Pavilion Profile: Surrey Celebration Zone

Post by Daniel Fontaine in


This isn't a summer fair, it's actually Surrey's 2010 Olympics celebration zone

It was another glorious sunny day in Metro Vancouver with temperatures in the Fraser Valley reaching 16 degrees Celcius (61F). That's why I slapped on a bit of sunscreen and put on my sunglasses before heading out to the Surrey 2010 Celebration Zone. The best way to get to this pavilion is on SkyTrain. Don't even attempt to park in the area as it's just a zoo. As for the venue, I was pleasantly surprised with I found when I arrived on site.

At first you kind of feel like you've entered into a small town community fair (absent the rides), but as you walk through the various booths, the place kind of grows on you. Set in Holland Park, the venue is open, airy and by no means crowded like its LiveCity cousins in Vancouver.

There is a security checkpoint, but it mainly consists of someone looking at your bags before entering. Unlike the LiveCity sites which are full on with magnetic wands, scanners and pat downs, this place has a slightly more community feel to it. Even the RCMP who are hanging out near the door greet you with a smile and occasionally give the kids a Surrey 2010 pin! That said, I still think all the fencing and high security presence is a bit of a downer.

Upon entry you can visit Surrey House which is basically a large tent with a stage built at one end. When I was there a troop of young Indo-Canadian women were performing to some very enchanting Indian music. The tent is huge (and also quite dark) and can accommodate a large number of people inside, so it didn't feel claustrophobic at all.

A large outdoor stage is the most dominant feature of the site. It has two large screens flanking it on either side which were providing a live feed to CTV's Olympic coverage. The screens face south, so the bright sun did make it a tad difficult to see them mid-day. On stage were a Surrey youth choir singing a song written in celebration of the City's participation in the 2010 Games.

There is also a small kids zone on site which has a limited number of activities, but it should entertain kids under 7 for a about a half hour or so. A young staffer at the booth was responsible for pushing the sale of these flashy red balls and encouraging us to buy raffle tickets etc...that portion of the kids area wan't a big hit.

There was also a huge line-up for the toboggan ride which did seem a bit lame...that is unless you're 7 years old or younger! As for the plastic skating rink...well, I just kind of felt sad when I saw it. However, there were a number of kids who were trying to make the best of it. What else do you expect when it's 16 degrees outside!

If you have to go to the washroom, you need not worry. I snapped this photo of what seemed like an endless row of porta potties lined up on the outer edge of the property.

As for the RCMP musical ride, I never had a chance to see them as all the tickets were already scooped up. Needless to say, this is probably the most popular component of this venue and rightfully so. My best advice is to line up early and get your tickets as soon as possible in order to guarantee you are one of the lucky 3000 or so folks who get in to see the show each day.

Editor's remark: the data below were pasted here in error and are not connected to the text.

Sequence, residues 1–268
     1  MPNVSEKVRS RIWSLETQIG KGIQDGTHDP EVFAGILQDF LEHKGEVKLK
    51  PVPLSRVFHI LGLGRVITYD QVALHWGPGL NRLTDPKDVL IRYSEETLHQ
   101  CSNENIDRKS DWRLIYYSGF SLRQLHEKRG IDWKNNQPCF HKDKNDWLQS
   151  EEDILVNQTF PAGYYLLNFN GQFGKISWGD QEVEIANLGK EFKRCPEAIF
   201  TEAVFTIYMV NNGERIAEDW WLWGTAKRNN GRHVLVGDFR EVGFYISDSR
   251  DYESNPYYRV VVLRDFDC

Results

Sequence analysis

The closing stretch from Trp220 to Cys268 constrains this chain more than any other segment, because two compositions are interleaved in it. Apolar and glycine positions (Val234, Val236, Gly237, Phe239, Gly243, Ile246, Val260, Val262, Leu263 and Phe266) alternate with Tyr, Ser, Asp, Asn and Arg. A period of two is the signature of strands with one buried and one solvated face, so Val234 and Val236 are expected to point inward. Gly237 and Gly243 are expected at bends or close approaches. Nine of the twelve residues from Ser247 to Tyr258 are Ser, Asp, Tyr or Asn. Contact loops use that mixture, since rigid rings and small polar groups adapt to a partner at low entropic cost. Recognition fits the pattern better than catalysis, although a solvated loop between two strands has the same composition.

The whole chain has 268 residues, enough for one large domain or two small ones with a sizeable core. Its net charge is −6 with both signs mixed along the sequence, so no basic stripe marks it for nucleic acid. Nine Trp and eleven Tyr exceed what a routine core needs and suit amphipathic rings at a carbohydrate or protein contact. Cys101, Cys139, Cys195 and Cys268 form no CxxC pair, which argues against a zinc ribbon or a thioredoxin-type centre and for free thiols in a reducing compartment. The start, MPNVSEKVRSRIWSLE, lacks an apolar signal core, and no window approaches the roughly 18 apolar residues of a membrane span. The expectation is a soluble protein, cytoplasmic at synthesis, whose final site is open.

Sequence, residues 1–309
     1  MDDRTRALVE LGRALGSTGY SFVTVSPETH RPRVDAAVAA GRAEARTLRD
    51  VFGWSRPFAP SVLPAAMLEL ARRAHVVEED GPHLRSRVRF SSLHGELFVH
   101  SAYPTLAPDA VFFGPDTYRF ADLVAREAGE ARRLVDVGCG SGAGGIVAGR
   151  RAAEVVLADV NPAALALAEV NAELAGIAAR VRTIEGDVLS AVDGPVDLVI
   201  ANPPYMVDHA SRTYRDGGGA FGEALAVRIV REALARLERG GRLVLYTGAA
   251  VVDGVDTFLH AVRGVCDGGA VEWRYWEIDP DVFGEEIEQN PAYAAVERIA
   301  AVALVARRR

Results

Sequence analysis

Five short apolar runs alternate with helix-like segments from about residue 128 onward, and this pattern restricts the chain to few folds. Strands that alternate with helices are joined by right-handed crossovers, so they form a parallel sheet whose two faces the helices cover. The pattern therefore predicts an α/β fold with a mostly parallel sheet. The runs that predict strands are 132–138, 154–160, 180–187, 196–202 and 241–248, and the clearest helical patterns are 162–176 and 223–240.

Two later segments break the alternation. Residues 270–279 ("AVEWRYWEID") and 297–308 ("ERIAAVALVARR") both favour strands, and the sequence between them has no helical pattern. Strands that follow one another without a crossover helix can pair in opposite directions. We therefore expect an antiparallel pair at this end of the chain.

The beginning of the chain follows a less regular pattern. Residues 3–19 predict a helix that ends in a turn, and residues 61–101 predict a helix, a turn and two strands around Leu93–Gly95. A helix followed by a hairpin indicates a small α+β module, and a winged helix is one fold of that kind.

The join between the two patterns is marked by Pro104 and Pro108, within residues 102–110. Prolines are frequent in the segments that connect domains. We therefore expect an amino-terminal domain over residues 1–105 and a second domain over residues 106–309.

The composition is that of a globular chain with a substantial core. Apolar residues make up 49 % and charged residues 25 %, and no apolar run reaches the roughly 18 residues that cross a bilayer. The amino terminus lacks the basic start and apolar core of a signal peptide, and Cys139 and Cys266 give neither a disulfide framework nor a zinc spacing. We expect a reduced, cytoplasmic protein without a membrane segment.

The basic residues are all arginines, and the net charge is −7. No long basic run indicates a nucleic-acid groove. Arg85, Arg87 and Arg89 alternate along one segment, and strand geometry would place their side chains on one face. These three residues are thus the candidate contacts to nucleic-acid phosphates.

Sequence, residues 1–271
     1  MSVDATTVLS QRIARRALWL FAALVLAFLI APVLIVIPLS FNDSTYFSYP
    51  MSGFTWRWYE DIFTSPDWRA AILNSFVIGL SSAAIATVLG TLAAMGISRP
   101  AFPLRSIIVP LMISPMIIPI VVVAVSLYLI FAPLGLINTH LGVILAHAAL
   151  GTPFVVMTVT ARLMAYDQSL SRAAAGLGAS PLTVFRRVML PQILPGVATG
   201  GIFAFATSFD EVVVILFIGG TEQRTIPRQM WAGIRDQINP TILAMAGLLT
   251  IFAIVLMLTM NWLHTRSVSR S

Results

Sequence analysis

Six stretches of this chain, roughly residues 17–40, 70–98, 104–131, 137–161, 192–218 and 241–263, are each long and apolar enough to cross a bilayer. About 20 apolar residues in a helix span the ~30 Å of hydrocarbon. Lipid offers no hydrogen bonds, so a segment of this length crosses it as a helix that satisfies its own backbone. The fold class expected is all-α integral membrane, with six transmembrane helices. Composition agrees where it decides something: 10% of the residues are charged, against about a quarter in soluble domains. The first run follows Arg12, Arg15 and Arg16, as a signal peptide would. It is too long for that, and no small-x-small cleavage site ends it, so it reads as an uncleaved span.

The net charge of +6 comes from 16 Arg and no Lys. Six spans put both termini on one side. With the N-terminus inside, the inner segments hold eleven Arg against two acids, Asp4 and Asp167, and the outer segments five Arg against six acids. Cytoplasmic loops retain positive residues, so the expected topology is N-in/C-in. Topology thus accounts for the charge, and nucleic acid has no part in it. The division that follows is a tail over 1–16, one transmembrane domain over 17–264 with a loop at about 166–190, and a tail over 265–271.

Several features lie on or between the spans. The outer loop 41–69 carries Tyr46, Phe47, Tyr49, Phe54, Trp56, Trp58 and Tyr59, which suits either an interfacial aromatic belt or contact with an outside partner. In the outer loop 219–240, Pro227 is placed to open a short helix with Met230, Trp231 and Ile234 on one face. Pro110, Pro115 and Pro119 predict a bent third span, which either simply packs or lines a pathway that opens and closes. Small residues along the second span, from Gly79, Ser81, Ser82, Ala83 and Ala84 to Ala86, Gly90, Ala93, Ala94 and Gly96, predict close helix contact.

If you want so see our Flickr photo collection from this venue, click here.

Overall I would say the Surrey Celebration Zone is a good place to go if you want to zip out of the crowded downtown core and get a different kind of Olympic experience. It's easy to access by public transit, clean and a good place for the family to visit. I'd recommend it.


AWESOME day spent downtown - Granville Island, David Lam Park, Robson Square, the Cauldron . . . everyone so polite (of course!), crowds were respectful, Olympic officials & volunteers all EXCELLENT . . .


Our family went from Maple Ridge to the Surrey celebration site yesterday and was quite disappointed in it. We took the time to get dropped off so that we didn't have a vehichle there and once we got through the "security" check we found that there was very little for our family to do unless we wanted to eat for the next 8 hours. The activities were geared towards the very young and the entertainment on the stage was sporatic. As expected there was no chance of getting to see the musical ride so all in all the highlight of our day was getting home to watch the 2 man bobsled races on our own big screen tv!!!

Saturday evening, my friend and I headed out to the Surrey Celebration site to see the famous Indian singer, Malkit Singh:

My friend tells me that in the Indian culture, this fellow is a 'big' as Elvis.

We got to the site around quarter to nine .. we drove, and we actually found a parking spot, but then at that time of night, all the surrounding businesses are closed and there was still available parking close to the site.

The crowd at that point was large already .. by quarter to 10, Mayor Dianne Watts came out on stage and basically said, 'WOW, what a crowd .. let's get this show on the road' .. which was immediately followed by Malkit Singh and his entourage. He received an outstanding welcome and the party was on!

We left just after 11 pm - but the show was still in progress .. personally, I was pleased to see that the people of Surrey at least had that .. a venue open to everyone. Apparently $3 million dollars was spent on redoing and upgrading Holland Park and that was evident.

I'd give that night's event a "B+ - A" .. everyone was really happy and enjoying themselves, depite the chilly temperatures.

Check out!

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